New Delhi: What an epic betrayal. After three years of talking about “development for all Indians” irrespective of religion, Prime Minister Narendra Modi has appointed a Muslim-baiting and Muslim-hating Hindu priest, Yogi Adityanath, as chief minister of Uttar Pradesh, the most populous state in the country, after his Bharatiya Janata Party’s thundering victory in the state election on March 11.
In criticising this choice, the problem is where to begin? Maybe the BJP’s slyness is a good place to start.
Why did the BJP not say during the election campaign that this 44-year-old MP was the man they would appoint if they won? Given his controversial image, it would have been fairer to voters if the party had been upfront about it rather than coyly refusing to name him during the campaign and springing the surprise later.
Then there is the man himself. As India tries to become a developed, modern and progressive nation, it now has a Hindu priest in orange robes governing the 220 million people of Uttar Pradesh. His religion is irrelevant; were he a pastor or a mullah, it would be bad news. The point is what is India doing creating a theocratic state in Uttar Pradesh when its constitution is that of a secular republic?
If the “holy man” were gentle, peace-loving, and benign, it might have been some small compensation, but Adityanath is a hardline advocate of Hindutva, the divisive ideology that seeks Hindu supremacy over all the Muslims, Christians, Sikhs and other minorities in India.
In Adityanath’s worldview – if such a grand word can be used about his grubby beliefs – Muslims can only live in India on sufferance. They need to “know their place” and subordinate themselves to the Hindu majority, or else … and the “else” is the threat of violence. On several occasions he has said he will “not stop” until India is turned into a “Hindu nation”.
This man has talked of forcibly converting Muslims to Hinduism, of installing Hindu idols in mosques, and even exhorted followers to kill Muslims, and has more than a dozen criminal cases pending against him, including incitement to violence.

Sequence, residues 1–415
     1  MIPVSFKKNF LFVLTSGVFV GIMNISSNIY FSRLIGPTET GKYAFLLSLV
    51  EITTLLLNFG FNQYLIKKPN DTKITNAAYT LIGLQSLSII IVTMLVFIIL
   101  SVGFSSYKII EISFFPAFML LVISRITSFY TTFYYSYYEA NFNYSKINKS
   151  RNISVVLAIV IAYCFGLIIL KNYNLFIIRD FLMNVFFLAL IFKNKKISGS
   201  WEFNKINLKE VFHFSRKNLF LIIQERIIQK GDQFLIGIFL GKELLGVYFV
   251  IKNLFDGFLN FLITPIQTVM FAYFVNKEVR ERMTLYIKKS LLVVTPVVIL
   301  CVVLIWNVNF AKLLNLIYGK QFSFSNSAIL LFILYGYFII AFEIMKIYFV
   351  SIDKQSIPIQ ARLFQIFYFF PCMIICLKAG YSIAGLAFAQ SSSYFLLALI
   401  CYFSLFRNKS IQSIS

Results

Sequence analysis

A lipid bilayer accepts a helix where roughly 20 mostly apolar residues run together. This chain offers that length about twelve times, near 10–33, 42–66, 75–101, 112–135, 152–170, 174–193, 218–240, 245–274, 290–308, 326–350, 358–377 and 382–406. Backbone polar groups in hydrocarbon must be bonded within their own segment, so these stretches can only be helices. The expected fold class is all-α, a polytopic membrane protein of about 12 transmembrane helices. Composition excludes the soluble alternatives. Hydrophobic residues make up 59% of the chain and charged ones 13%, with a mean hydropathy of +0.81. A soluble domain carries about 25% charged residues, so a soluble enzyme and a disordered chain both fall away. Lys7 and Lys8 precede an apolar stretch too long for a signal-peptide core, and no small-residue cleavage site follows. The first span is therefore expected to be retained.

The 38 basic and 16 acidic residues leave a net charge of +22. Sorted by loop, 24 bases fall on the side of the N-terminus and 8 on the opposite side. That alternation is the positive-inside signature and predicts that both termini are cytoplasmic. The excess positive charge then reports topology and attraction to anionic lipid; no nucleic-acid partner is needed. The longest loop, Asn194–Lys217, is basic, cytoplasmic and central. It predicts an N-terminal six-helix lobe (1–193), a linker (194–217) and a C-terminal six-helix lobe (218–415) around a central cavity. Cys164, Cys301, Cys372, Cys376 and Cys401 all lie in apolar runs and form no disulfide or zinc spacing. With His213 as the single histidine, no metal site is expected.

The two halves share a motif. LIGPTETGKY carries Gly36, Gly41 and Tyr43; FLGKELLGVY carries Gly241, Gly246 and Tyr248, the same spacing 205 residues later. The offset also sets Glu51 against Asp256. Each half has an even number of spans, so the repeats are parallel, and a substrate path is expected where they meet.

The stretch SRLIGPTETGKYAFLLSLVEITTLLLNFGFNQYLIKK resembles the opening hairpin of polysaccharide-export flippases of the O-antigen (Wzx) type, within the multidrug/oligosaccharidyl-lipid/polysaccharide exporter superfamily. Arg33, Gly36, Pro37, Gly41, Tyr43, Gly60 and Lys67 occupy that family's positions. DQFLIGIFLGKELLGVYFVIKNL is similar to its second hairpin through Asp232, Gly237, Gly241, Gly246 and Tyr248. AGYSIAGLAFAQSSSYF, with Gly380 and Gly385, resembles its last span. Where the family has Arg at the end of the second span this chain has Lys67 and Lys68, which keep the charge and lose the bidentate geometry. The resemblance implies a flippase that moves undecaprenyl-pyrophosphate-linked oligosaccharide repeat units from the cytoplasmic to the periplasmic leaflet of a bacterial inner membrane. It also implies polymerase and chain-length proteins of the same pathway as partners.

“If they [Muslims] kill one Hindu man, then we will kill 100 Muslim men,” he has said, in a state with a history of Hindu-Muslim riots.
The shock at the news was widespread. The Indian Express newspaper called his appointment a “tragic letdown” which exposed the falsehood of the BJP’s claim that the hate talk that has bubbled up frequently since the party came to power in 2014 was merely the talk of “fringe elements”. The “fringe” is now in charge of India’s most politically important state.
As though the defects already enumerated were not enough, there is also the small matter of Adityanath having no intellectual heft, administrative experience or economic expertise.
The million-dollar question is why Modi chose such a polarising and unsavoury character above all others? Political commentators have been racking their brains over this one and the only feasible explanation is that Modi, despite his talk of development, plans to consolidate Hindus behind him by turning Muslims and other minorities into the “other” in the run-up to the 2019 general election in order to secure a majority.
This explanation ties with the theory that Modi and the BJP are Janus-faced: where it suits them, they speak of a modern, developed India where all citizens are equal; where it doesn’t – such as when they want to win Hindu votes – they spew a hate-filled agenda designed to make Indians turn on one another.
The other mystery is this. Has the average Hindu voter bought into the regressive ideas that Adityanath embodies? If so, how does this tally with survey after survey showing that young Indians overwhelmingly desire a stable, prosperous, forward-looking and developed India, not one mired in ancient hatreds?
In a way, it’s good that the BJP has come clean. Now, stripped of doublespeak, every Indian knows what the party stands for and where it wants to take India. Educated Muslims are seriously worried. As one of them said recently: “If they win in 2019 and the opposition continues to be as pathetic as it is, what’s to stop them altering the constitution to delete the word ‘secular’?
As messages go, the choice of Adityanath was crude. It stuck two fingers up at the roughly 184 million Muslims of India. To its opponents, the BJP seemed to say: “We got a brute majority in the election and we’ll do whatever we like. If you don’t like it, go jump in the lake.”